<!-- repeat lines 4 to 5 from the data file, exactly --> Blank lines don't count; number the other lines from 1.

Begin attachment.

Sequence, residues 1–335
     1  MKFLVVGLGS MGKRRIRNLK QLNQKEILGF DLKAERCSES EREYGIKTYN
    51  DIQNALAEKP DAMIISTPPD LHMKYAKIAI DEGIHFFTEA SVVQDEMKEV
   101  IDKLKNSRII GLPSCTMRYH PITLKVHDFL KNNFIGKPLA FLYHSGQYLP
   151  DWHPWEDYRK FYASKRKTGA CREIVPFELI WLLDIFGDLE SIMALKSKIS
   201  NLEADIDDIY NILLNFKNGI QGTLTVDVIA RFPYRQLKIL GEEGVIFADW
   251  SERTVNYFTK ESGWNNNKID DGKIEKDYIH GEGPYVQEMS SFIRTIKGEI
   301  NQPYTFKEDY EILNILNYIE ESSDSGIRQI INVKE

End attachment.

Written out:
   101  IDKLKNSRII GLPSCTMRYH PITLKVHDFL KNNFIGKPLA FLYHSGQYLP
   151  DWHPWEDYRK FYASKRKTGA CREIVPFELI WLLDIFGDLE SIMALKSKIS